The graphic shows the results of one of several cognitive tests used in the study. This one is the Hopkins Verbal Learning Test with Delayed Recall (HVLT-DR). Those in the top third for their omega 3 blood levels (third tertile) did best.
Beyond the Study
Is the VITACOG study relevant to the brain fog of CFS and FM? The quick answer is we don’t really know because there’s not been much study of our kind of “brain fog.” However, they are relevant to us at least to this degree: If simple treatments can prevent the MCI associated with aging, there are some grounds for hope that our kind of brain fog might also improve.
The strengths of the VITACOG: Many studies of potential treatments for cognitive problems last only a few weeks or months. This study ran for two years. Many cognitive studies focus on lab rats. This one was done on people. Many studies lack proper control group. This study was well designed.
Weaknesses: Other studies using B vitamins to lower homocysteine and help cognition have had mixed results. Therefore, further controlled studies should be done to confirm the results found with VITACOG. We should also be aware that while high homocysteine also predicts increased risks for heart attacks and strokes, controlled studies using B vitamins did not succeed in improving health outcomes. All the more reason why we need more studies to further confirm VITACOG’s more encouraging results.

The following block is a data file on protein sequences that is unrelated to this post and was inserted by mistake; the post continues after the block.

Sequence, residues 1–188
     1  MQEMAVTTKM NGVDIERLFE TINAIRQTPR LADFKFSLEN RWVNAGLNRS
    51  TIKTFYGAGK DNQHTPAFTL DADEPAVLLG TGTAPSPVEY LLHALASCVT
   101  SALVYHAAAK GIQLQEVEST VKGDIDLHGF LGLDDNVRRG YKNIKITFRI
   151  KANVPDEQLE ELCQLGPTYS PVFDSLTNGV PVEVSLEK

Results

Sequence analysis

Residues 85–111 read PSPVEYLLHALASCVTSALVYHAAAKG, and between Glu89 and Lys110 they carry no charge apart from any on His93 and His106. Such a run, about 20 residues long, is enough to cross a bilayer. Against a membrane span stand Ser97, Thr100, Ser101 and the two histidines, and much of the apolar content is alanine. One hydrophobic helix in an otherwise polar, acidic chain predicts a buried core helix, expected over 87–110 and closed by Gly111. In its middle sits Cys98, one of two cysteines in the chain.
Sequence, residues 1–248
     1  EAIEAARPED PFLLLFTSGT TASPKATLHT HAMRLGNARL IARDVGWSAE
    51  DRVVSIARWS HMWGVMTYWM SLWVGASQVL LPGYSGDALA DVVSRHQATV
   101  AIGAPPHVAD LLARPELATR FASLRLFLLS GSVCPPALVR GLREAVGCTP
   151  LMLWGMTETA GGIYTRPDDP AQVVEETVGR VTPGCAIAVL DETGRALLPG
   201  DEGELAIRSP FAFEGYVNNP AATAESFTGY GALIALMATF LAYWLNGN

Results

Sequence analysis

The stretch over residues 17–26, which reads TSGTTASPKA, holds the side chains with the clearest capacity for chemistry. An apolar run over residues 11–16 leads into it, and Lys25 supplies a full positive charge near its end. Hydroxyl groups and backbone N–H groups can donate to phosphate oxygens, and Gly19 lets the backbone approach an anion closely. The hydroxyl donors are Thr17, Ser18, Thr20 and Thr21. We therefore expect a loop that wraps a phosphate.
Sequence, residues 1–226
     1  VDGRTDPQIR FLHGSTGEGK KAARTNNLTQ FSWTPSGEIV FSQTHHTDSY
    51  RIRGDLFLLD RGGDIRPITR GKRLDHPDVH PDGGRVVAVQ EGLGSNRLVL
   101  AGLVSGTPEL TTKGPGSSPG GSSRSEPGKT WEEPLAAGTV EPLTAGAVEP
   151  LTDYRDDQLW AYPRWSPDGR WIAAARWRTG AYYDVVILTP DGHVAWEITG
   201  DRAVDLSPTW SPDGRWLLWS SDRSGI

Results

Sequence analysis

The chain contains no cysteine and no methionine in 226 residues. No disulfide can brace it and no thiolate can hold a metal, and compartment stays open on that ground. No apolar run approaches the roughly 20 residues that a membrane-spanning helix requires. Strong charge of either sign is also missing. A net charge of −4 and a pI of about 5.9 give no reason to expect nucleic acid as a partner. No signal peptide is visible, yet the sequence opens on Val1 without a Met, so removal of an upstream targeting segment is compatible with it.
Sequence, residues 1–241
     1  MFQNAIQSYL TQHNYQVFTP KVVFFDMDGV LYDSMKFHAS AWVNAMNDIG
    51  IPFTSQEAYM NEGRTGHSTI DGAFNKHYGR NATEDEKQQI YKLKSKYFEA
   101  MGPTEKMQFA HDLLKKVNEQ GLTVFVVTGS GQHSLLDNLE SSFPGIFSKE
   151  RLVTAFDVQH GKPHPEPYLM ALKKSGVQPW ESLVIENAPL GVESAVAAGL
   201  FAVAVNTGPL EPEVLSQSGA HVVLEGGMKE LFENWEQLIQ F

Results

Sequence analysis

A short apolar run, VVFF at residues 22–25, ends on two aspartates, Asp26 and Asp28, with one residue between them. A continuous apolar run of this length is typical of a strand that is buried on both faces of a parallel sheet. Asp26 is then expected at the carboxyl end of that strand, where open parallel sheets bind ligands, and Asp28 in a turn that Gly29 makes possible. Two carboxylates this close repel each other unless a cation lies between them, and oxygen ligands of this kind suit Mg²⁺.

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Thoughts to consider: VITACOG suggests that the mild cognitive impairment associated with aging might improve if we treat with a homocysteine lowering strategy, combining B vitamins with omega 3 oils. Whether this strategy might also be useful for people with CFS or FM, we cannot yet say.
What You Might Discuss With Your Physician
If you have MCI, or a family history of MCI or Alzheimer’s:
Consider measuring your fasting level of homocysteine. If homocysteine is high, measure also vitamin B12, folic acid and vitamin B6.
If homocysteine is on the high side, discuss whether or not you should add moderate doses of B12, B6 and folic acid to your supplements.
Plasma or red blood cell levels of omega 3 oils can be measured by specialty laboratories. If on the low side, consider increasing your intake of fatty fish or adding a fish oil supplement.